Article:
Jess Roche, Chief Marketing Officer of sports betting tips app OLBG, shares her experience of maximising ASO for organic installs.
First of all, what is the App Store Optimisation (ASO) opportunity for affiliates? Whether you market a product or website online or an app on the App Store, the same old problem exists for affiliates. That is, that there will always be big brands with big budgets competing for the same traffic and customers. So we have to be smarter and maximise the free channels available to us. You can then supplement that with bursts of activity from external sources to create a domino effect. So how do you do that?
Regardless of whether you’re building for the App Store or the Google Play Store, the key factors for discovery and conversion are the App Name (App store) / Title (Google Play), Subtitle (App Store) / Short Description (Google Play), Keywords, Screenshots, user ratings and user reviews.
Discovery in Search
There are some key differences between the stores in relation to these. The App Store has a specific Keyword field, Google Play does not. In both stores, the App Name/Title holds the most weight and therefore you put your most important keywords there. The Subtitle is your next heaviest weighted field for keywords, with the remainder going in the Keywords field.
Since Google Play doesn’t have this dedicated field, keywords are to be used in the Description. These fields require constant optimisation and keeping within character limits can pose challenging in the sports betting industry where we cater for 20+ sports of varying seasonality. Trademarked terms (like ‘World Cup 2018’) are another thing to be mindful of as Brands can take action against apps who are targeting a trademarked term.
There are many tools to help you find which keywords to target. The tool will display search volume as a rating, a competitiveness score and will list which apps rank for those terms. Tools like App Annie and Sensor Tower are popular.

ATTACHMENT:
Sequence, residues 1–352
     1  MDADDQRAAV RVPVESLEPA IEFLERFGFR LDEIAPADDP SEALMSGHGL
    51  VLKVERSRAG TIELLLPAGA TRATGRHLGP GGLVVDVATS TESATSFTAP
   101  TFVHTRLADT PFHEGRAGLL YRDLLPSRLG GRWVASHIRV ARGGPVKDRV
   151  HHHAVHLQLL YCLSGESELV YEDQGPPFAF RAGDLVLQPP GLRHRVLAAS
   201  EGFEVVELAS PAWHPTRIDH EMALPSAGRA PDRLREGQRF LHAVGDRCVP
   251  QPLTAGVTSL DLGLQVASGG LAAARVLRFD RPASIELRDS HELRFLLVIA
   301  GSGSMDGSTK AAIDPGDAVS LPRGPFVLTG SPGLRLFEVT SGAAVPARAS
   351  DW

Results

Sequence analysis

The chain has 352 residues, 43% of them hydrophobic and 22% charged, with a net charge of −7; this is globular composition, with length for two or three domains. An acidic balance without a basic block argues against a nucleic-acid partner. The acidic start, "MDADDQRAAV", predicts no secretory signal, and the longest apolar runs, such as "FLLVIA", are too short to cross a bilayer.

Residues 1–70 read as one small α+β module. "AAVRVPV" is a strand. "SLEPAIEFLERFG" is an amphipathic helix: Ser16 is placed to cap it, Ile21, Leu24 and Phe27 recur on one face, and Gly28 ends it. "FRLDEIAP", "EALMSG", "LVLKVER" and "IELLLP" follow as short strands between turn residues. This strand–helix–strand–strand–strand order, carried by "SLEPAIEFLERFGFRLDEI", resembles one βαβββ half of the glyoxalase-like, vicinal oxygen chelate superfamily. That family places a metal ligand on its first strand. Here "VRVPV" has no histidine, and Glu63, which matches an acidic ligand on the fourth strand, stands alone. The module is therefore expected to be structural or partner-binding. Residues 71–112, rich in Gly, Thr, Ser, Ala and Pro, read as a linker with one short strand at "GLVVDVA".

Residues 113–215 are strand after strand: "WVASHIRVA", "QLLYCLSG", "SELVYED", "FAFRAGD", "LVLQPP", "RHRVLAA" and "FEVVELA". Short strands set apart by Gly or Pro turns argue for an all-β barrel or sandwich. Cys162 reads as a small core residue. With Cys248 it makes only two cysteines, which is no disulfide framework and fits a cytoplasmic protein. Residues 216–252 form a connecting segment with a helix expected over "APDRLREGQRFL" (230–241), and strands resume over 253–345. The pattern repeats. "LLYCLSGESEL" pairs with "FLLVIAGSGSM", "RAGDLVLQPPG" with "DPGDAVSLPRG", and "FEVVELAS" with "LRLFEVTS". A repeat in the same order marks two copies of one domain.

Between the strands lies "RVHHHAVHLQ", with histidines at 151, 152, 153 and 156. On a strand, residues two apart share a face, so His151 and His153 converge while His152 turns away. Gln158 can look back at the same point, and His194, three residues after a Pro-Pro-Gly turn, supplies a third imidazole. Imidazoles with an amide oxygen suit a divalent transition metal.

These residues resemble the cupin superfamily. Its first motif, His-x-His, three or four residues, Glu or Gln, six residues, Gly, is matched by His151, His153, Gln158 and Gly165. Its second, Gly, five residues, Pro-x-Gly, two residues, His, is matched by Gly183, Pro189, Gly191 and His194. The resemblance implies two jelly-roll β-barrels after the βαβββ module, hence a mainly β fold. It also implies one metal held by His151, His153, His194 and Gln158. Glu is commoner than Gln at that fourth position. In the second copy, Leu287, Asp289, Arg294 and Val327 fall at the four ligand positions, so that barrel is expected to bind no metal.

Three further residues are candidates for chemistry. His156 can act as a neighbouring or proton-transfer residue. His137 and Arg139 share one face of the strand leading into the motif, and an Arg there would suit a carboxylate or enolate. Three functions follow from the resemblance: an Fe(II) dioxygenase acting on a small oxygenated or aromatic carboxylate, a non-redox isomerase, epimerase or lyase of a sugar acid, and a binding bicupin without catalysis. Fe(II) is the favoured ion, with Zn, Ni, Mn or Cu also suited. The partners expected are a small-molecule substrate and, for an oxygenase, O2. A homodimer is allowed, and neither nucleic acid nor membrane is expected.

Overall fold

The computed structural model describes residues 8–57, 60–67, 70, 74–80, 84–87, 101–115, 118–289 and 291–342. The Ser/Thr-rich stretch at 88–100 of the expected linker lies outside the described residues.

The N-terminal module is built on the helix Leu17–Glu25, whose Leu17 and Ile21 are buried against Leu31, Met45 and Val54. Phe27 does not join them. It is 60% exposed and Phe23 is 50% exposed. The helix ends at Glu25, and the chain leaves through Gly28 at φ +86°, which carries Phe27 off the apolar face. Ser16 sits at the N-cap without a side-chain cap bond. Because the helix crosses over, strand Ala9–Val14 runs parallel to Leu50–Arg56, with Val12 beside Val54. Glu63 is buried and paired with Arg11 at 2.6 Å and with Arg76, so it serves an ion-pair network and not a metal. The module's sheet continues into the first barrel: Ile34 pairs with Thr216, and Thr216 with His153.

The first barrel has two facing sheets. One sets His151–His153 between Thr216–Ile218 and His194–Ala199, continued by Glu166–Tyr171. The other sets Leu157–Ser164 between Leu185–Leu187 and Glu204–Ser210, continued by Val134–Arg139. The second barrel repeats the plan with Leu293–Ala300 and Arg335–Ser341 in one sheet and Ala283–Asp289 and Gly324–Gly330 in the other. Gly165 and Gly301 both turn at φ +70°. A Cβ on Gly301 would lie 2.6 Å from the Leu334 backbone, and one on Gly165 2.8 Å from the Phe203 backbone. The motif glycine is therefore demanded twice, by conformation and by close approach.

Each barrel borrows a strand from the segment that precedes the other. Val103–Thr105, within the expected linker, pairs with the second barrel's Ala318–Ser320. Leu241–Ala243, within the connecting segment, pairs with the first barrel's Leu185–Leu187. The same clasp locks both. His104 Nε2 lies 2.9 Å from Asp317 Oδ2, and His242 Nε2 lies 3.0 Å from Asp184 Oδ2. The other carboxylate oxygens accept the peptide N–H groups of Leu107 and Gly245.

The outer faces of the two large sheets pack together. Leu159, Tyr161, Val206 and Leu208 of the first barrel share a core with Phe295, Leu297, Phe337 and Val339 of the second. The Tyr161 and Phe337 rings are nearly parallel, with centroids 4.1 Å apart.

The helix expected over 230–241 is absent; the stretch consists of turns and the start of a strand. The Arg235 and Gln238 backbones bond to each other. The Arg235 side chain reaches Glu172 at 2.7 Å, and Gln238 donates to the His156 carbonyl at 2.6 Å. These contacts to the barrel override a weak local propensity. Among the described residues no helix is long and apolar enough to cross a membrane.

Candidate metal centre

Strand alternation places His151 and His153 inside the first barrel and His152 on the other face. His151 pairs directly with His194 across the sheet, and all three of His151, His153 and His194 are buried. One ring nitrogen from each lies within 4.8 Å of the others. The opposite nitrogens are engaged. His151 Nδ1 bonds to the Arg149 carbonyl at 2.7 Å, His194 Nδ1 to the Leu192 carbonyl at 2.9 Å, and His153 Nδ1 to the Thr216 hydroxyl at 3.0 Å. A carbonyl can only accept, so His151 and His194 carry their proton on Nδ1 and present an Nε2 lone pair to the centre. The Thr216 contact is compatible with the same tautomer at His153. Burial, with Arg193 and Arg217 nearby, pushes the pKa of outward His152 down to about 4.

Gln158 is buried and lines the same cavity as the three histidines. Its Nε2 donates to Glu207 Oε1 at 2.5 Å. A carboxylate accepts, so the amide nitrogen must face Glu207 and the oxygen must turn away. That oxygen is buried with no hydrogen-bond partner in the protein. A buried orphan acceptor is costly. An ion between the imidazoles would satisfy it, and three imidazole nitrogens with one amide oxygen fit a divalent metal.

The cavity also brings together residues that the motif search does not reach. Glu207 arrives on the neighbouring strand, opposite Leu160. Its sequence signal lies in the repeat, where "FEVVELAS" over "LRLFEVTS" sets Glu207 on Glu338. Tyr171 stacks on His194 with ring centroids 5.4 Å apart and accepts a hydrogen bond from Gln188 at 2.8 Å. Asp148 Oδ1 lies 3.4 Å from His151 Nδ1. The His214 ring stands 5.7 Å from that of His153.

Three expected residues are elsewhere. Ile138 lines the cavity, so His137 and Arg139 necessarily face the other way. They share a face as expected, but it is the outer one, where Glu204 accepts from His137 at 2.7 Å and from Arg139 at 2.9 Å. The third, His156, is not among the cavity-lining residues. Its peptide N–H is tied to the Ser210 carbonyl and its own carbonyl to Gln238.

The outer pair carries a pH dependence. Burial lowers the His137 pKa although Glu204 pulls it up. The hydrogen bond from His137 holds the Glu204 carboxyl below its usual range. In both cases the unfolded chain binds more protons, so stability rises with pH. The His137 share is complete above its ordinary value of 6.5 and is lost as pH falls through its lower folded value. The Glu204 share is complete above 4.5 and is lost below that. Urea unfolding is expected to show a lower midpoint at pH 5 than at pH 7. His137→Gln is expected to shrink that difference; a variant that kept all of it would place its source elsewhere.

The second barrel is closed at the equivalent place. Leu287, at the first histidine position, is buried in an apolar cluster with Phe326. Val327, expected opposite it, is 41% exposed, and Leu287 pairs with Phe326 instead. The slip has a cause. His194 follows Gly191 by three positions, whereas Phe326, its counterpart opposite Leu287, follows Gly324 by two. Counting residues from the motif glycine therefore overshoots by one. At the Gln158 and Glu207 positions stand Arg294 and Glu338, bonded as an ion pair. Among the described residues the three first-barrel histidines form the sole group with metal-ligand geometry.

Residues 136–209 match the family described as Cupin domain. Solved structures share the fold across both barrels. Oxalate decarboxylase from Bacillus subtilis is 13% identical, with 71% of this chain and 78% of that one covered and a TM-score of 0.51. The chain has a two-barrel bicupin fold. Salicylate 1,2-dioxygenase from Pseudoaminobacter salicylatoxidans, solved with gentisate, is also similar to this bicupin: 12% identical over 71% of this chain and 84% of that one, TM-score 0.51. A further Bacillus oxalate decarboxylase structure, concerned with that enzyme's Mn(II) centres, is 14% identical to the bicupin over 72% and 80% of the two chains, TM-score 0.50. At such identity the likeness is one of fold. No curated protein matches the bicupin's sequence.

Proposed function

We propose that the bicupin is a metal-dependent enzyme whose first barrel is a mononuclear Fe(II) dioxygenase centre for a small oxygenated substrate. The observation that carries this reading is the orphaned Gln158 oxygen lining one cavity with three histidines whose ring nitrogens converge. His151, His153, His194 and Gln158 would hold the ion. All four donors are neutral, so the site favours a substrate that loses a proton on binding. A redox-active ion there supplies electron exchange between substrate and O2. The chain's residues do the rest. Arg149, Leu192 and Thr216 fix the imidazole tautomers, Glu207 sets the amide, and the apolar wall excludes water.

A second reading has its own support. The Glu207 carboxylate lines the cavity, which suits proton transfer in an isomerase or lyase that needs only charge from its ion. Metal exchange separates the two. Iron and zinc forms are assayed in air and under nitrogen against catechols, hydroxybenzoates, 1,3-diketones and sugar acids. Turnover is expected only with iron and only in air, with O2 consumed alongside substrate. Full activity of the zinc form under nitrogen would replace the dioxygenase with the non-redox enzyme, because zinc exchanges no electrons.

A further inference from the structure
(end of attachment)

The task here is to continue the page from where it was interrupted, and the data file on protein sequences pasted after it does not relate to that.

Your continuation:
As you can imagine, the visual elements are key here. Namely, the App Icon, Screenshots and the User Reviews.
The Icon is your brand identify squished into a tiny box. It is what people see in the search results pages and needs to both represent your brand and what your app does. No mean feat! Take a leaf out of Apple’s book and embrace simplicity.
The importance of screenshots is reflective in Apple’s move from 2 screenshots on the Search Results page in iOS10 to 3 screenshots in iOS11.
Despite there being five screenshot positions and you should use them all, tests reveal most people don’t scroll beyond the product page which shows three. They make their decision based off the information on this page – icon, title, reviews and three screenshots.
For this reason, it’s a great idea to split test your Screenshots. Companies like Splitmetrics create landing pages that mimic the Appstore where you can test variations of screenshots before putting the best converting combination live. We garnered many helpful insights from this exercise, resulting in a significant conversion rate increase of 61%! Some things to test are the screenshot orientation, background design, captions and the order of Screenshots.